Asger Carlsen

True Lies

In the lead-up to his new exhibition with iconic American photographer Roger Ballen, VAULT sits down with the rising Danish image-maker Asger Carlsen to talk about the art of creating works that suspend our collective disbelief.

By Daniel Boetker-Smith OCT 2016

The chance to speak to Danish artist Asger Carlsen comes as he is sitting in the middle of the Dittrich & Schlechtriem gallery in Berlin on the eve of the opening of his new show No Joke, a long-term collaborative project with American artist Roger Ballen. Carlsen remains a relative newcomer in the contemporary art world. His project, Wrong, with its potent mix of the banal and the surreal, hit in 2010, and since then he has been featured in solo and group shows across the globe. His use of a stark black-and-white aesthetic which incorporates a harsh and decidedly unsubtle on-camera flash cast him, from day one, as a pseudo-newspaper photographer in the vein of the hard-boiled New York crime scene photographers of the 1930s and ’40s. Carlsen’s vision, however, seems intent on the creation of an entirely new and disturbing universe, like Ralph Eugene Meatyard meets Rod Serling. Before talking about his previous projects, I ask Carlsen how this intriguing and unexpected collaboration with Ballen came about.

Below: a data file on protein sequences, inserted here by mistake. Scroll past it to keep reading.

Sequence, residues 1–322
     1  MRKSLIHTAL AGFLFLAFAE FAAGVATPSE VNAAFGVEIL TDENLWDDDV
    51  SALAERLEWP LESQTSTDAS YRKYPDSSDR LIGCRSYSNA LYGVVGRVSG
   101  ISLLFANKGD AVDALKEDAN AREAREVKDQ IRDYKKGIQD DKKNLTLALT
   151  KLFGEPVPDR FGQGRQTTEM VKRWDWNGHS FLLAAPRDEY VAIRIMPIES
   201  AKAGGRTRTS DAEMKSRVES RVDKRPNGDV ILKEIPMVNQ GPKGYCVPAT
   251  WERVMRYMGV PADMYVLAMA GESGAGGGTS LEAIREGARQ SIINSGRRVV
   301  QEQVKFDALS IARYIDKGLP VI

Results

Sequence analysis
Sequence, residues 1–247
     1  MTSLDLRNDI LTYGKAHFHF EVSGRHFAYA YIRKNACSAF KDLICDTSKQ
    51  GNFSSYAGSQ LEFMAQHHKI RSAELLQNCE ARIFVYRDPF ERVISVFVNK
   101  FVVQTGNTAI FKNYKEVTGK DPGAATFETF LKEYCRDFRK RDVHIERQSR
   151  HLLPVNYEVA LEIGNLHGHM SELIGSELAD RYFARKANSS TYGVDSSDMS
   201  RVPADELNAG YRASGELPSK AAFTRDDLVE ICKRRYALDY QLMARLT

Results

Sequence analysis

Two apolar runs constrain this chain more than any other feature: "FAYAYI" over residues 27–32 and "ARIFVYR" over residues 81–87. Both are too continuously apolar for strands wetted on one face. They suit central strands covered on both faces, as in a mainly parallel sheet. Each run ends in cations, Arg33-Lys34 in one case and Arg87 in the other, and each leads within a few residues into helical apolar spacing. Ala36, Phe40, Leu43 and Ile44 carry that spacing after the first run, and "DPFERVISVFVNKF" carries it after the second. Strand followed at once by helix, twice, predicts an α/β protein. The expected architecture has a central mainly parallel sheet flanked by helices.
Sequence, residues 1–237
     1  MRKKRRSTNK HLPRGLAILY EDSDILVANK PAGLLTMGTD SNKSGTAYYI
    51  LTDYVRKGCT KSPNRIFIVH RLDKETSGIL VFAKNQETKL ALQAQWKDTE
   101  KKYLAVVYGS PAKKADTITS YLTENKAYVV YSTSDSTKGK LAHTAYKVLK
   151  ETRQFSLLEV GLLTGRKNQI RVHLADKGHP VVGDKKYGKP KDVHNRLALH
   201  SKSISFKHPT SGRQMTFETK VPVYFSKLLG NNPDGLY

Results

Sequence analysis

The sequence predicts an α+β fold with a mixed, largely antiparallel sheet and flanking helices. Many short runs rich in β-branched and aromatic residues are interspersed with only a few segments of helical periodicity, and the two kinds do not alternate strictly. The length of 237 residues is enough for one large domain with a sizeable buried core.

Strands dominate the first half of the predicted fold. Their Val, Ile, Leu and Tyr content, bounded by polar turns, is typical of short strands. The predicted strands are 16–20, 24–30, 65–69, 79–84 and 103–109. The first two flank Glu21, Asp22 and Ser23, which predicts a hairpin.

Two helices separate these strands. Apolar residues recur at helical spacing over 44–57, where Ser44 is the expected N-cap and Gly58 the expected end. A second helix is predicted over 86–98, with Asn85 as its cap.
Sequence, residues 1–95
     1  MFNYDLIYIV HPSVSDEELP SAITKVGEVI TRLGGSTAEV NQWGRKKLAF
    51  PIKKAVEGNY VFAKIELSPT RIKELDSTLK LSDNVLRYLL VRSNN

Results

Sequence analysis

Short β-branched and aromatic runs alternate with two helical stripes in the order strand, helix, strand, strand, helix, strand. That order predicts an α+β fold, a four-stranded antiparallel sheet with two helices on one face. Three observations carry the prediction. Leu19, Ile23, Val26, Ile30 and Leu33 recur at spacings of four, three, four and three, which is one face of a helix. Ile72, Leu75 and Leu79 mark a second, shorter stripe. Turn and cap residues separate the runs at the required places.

“We were both featured in the VICE Photo Issue a few years back and we met, and Roger suggested we work together,” Carlsen tells me, as the gallery buzzes with installers and administrators in the background. The chance to work with someone of Ballen’s stature doesn’t come around often, and Carlsen jumped at the chance. The No Joke images are a result of a process of sharing images and ideas back and forth over a number of years; the final creations, which are also being... Subscribe to read this article in full

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